Monday, May 30, 2016

Two more state Capitols

Ohio Statehouse - old side
The count of state Capitols visited is up to twelve since we left Tucson on January 31. The Ohio Statehouse (that is how they spell it in their guide) was completed in 1861 and had an addition completed in 1901. It is said to be one of the nation's finest examples of Greek Revival architecture. The door that we entered (this is one of the few Capitols that allowed entry through more than one entrance) led us into the Crypt, another term for a basement, that originally housed the heating system. The arches, made using block and mortar construction, support the Rotunda above.

Ohio Statehouse Crypt

Ohio Statehouse House
Going up to the next floor, the Rotunda is simple but nicely done with a pretty dome above. Open, marble stairways go up on each side to the House and Senate Chambers. The Chambers are simple but nicely done with just enough ornate carving and chandeliers to give some elegance. Overall, this building is not as large as some of the others we've seen.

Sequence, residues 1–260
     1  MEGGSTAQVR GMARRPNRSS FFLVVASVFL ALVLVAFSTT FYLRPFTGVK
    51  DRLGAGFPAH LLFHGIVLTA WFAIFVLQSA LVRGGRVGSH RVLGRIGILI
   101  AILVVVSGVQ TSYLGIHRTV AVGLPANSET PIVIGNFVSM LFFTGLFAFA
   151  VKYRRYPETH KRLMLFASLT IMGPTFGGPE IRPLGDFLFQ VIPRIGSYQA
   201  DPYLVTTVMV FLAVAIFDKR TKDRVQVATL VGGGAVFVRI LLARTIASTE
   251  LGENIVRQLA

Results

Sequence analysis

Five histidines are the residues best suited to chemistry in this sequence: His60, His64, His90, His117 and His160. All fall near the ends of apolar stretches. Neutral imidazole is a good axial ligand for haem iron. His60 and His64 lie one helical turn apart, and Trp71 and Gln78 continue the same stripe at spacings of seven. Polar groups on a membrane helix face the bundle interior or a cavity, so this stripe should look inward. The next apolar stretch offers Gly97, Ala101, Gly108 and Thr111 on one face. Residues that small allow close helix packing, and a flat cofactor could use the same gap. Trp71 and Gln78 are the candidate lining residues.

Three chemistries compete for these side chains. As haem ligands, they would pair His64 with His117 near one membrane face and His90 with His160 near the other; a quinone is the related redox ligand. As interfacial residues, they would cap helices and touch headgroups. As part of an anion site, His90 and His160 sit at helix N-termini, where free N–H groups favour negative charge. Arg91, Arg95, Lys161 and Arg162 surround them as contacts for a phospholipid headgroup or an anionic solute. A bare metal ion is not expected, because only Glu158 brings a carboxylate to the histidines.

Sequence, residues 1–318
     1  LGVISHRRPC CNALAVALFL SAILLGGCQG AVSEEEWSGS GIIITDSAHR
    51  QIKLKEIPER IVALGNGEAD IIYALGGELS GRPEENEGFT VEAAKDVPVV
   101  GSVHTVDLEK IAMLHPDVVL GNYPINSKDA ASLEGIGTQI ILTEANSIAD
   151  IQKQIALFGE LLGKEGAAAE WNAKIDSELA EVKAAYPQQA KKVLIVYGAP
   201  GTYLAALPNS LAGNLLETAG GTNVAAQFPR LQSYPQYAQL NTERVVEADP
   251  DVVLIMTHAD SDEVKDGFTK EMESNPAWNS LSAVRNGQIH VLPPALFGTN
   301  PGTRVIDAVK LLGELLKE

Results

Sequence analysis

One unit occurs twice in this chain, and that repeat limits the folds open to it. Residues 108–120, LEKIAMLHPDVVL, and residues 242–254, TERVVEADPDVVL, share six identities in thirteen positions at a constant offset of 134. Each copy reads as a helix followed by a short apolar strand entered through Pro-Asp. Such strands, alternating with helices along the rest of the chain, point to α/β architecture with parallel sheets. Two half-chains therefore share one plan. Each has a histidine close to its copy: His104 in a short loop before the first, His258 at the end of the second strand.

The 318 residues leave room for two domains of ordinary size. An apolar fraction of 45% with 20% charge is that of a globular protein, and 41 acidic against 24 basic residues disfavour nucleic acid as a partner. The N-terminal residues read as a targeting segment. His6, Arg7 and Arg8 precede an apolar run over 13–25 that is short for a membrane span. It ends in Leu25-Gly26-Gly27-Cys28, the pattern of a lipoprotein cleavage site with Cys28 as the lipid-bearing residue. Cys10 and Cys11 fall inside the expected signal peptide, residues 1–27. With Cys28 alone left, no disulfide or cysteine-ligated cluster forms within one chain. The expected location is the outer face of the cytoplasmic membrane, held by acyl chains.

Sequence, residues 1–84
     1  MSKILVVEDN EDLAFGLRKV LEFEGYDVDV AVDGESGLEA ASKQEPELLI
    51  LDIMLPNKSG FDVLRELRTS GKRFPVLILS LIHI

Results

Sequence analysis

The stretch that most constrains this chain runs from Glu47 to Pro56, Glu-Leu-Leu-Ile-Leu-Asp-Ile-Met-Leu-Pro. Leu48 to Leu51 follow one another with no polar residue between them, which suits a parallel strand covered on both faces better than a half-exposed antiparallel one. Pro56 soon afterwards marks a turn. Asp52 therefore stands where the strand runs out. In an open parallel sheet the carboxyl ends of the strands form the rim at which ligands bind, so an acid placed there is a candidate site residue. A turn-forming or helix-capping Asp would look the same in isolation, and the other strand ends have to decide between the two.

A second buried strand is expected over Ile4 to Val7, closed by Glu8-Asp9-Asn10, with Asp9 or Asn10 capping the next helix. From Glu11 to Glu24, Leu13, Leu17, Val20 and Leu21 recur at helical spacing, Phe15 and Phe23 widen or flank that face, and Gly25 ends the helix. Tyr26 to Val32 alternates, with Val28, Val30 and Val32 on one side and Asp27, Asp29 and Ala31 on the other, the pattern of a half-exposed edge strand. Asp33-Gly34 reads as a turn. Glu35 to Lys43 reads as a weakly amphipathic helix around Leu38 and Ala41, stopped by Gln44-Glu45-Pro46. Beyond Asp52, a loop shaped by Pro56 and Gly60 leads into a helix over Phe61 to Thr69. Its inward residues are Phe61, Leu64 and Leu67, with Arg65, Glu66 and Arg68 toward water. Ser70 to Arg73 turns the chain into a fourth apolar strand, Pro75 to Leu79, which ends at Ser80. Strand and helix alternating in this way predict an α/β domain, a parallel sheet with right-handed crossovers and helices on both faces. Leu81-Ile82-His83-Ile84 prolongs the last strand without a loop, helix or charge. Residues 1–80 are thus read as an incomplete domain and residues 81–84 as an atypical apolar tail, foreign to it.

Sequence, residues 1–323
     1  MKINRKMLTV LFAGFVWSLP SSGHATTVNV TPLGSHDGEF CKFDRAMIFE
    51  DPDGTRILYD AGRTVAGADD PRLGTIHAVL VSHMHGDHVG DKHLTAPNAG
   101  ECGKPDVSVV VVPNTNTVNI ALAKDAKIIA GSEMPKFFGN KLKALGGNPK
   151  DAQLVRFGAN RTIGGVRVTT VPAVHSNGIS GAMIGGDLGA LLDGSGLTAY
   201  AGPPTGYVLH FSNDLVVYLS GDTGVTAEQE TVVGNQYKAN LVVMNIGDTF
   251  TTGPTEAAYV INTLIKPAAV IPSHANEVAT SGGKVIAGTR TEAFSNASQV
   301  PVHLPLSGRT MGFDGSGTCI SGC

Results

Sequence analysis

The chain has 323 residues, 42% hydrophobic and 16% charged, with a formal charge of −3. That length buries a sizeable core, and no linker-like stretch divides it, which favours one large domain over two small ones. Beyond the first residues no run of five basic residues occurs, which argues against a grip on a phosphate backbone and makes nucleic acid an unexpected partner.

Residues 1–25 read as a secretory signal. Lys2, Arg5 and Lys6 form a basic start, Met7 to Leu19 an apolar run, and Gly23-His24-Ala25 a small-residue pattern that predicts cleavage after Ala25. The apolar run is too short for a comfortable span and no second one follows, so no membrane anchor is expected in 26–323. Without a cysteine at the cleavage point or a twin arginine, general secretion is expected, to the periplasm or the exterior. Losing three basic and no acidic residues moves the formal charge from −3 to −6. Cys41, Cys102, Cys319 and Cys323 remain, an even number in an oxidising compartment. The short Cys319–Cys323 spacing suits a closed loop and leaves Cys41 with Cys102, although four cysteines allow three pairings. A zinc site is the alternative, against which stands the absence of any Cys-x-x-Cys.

Ohio Statehouse Senate
Indiana State House
The Indiana State House (note they use two words) was completed in 1888. This is a very large building with a Victorian influence. The Rotunda seemed dark which allowed the stained glass dome above to stand out. Two atriums, one on each side of the Rotunda, give a grand feel with marble pillars and open walkways for each floor above.

The House Chamber seemed dark and dreary with nothing but wood
Indiana State House Atrium
paneling throughout. It also had a very ugly chandelier. The Senate Chamber is unique, not necessarily in a good way, set up on an angle with three floors of windows, from what appeared to be offices, on each side. Very bizarre.

The Supreme Court room was very regal.

Indiana State House - House Chamber